Local governments and non-profit organizations alike can benefit from a strong grant development program. To be ‘grant ready,’ however, it is key to make sure you have done your homework and have everything you need in place before starting a trek down this path. To repeat one of the great mottos of the Twentieth century, it literally pays to ‘be prepared!’
This article will cover four key points of grant readiness for both local governments and non-profit organizations. Thomas Edison once said that genius is one percent inspiration and 99 percent perspiration. Having these four things in place at the start of your grant development process will make it possible for you to be successful – but it may require you to sweat a few details.
Four Grant-Readiness Points
Outcomes: You may have a great idea. You may even have a great budget built for your great idea. But without a vision for how your great idea will turn out, or a way to evaluate it, many funders (government agencies or foundations, regardless) will simply deny your application. Measurable outcomes are important to program planning because they enable you to determine what changed as a result of your hard work. Outcomes measurement makes it possible to determine how effective a program was, and to identify what practices worked best (and can be repeated).
Guideline Alignment: Even with more than 20 years in grant writing and development under my belt, I have been guilty of misguided interpretation of grant guidelines. In all due respect to some funders, guidelines can sometimes be vague. Make sure you have complete understanding of what each funder is asking of your program, and within your proposal. Even if grantor guidelines are detailed, they might be confusing. Do not hesitate to contact the funder if anything is vague or unclear. The last thing you want to do is spend a great deal of time creating what you believe is a solid proposal to later find out you completely missed the mark.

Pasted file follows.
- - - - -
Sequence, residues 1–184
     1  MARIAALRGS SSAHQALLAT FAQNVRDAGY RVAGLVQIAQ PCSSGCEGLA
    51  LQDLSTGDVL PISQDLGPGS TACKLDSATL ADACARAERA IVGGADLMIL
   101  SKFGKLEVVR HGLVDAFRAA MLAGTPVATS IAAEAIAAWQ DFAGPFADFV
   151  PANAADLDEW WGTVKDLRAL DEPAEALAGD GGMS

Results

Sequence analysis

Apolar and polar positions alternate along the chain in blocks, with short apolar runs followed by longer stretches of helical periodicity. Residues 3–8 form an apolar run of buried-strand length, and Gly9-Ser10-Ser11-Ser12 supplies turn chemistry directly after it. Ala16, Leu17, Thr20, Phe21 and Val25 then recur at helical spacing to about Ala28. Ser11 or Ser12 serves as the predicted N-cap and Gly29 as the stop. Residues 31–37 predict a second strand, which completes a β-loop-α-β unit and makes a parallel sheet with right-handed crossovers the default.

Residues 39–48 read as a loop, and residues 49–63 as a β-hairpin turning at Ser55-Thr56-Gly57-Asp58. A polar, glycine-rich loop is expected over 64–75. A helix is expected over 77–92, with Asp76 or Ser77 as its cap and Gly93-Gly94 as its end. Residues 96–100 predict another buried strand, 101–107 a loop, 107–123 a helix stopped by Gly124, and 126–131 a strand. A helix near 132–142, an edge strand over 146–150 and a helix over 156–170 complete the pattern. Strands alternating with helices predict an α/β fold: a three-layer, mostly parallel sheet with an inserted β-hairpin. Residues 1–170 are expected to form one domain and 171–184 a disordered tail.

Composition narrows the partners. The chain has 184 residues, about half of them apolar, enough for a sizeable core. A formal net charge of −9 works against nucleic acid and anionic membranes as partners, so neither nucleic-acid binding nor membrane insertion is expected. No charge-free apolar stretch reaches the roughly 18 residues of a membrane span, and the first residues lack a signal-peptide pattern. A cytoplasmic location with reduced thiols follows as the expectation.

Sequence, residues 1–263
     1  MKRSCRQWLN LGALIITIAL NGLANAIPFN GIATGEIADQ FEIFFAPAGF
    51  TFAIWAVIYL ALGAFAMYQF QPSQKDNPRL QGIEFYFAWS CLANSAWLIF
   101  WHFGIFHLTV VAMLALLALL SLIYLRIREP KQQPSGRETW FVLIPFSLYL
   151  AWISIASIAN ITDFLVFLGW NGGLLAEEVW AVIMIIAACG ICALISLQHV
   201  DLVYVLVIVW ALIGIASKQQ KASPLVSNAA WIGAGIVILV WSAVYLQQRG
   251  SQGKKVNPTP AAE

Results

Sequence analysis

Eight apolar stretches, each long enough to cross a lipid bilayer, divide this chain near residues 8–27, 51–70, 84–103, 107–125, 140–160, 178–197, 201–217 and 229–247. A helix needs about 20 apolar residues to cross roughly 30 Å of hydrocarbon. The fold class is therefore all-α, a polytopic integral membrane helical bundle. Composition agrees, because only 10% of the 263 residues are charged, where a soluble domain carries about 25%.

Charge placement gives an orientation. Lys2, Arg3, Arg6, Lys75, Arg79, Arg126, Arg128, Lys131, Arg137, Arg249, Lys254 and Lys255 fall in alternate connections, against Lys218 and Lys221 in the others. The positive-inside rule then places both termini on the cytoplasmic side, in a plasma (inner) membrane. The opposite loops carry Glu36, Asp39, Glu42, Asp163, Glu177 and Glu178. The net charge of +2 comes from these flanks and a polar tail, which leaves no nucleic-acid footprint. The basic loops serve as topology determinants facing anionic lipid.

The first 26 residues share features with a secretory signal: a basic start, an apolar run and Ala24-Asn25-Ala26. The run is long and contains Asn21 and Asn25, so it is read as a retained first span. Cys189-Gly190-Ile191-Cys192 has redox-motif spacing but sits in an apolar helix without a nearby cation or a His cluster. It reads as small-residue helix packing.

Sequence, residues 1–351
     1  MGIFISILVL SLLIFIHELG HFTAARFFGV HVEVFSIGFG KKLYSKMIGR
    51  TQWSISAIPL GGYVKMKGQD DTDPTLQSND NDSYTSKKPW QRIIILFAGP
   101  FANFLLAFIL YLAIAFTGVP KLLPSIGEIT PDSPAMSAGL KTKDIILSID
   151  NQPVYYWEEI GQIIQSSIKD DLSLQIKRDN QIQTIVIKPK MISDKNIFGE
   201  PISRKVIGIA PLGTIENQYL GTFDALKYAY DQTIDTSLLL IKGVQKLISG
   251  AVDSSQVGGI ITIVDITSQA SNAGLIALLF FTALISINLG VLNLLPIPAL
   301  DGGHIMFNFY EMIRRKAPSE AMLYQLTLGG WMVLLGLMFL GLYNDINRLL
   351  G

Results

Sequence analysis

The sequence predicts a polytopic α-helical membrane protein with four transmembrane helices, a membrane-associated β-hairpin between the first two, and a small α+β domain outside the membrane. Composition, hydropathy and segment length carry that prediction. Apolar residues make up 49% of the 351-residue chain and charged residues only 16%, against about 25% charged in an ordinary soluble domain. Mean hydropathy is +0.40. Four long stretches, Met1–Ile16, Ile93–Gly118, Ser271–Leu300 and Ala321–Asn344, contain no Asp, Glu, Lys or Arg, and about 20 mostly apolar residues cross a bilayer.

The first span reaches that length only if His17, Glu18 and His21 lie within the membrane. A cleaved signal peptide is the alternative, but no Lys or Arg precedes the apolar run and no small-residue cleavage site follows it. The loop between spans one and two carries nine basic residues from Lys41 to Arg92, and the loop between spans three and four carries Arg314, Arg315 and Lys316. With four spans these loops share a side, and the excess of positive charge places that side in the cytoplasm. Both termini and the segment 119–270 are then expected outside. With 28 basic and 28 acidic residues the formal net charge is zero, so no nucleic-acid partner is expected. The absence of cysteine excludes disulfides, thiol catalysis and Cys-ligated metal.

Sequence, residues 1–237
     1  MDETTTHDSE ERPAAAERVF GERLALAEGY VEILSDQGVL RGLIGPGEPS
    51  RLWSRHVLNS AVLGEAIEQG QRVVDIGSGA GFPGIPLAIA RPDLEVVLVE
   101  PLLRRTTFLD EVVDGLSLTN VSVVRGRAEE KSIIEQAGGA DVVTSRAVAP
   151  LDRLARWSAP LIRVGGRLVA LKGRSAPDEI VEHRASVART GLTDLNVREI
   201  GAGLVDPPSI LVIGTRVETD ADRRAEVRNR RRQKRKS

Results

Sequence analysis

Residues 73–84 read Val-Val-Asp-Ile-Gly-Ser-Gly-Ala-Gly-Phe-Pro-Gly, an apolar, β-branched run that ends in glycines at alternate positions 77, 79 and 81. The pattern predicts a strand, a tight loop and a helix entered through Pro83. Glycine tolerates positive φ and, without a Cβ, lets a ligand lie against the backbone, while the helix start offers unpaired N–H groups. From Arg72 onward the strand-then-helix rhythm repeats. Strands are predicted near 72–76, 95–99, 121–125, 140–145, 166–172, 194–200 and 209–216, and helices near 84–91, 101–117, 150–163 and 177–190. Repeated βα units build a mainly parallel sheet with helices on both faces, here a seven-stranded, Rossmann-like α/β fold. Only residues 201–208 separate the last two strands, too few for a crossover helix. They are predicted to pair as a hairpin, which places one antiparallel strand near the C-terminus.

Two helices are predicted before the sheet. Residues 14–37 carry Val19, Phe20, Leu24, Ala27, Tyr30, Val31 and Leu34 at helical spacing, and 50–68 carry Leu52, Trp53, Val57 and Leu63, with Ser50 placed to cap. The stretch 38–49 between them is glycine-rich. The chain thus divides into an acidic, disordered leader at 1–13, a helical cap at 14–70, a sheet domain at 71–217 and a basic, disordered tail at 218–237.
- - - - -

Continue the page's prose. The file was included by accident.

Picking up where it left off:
Proof of Past Impact: Has the idea worked before? Great! Now prove it. Remember those outcomes I mentioned earlier? This is where they really come into play. How well did the idea work? Is it something that other organizations can model? Has it been called a ‘best practice?’ Who did it impact, and why? By discussing past impact and outcome results, you are adding credibility to your idea. Or, if the program is new to your government or organization, then make sure you have researched how it worked for others, and be prepared (see, I said it again!) to prove how those results can translate to success for your idea.
Realistic Budget: If we were the true masters of the universe, grant budgets would cover EVERY SINGLE NEED. But we are not, and we must be judicious and realistic in what we ask grantors to fund – and in how we present that need in dollars and cents. Keep your administrative and overhead costs to less than 15% (so says Charity Navigator), heed indirect cost percentages (which seem to level out around 10%, depending on agency), and keep your direct costs realistic. ‘Fluff’ should be something to describe your cat or your marshmallows – not the line items in your grant’s budget.
Having these things in place at the outset will save you time, blood, sweat and tears when you start to prepare not only your first proposals, but the many after that.
About Linda : Founder and Principal of XRD|Resource Development, Linda is a dedicated grant developer for non-profit organizations and political subdivisions. She has served as a dedicated fundraiser for non-profit organizations throughout the Great Plains and Midwest, and as an independent contractor for organizations devoted to homelessness, mental health, the performing arts, human services, and IT education. In addition to being a successful grant developer, Linda provides training in fundraising, public relations, social media, and marketing for new non-profit professionals. She can be reached at firstname.lastname@example.org. Linda is also a recent second-place winner in the 2017 Winning Grant Proposal Competition, sponsored by Grant Professionals Association and GrantStation.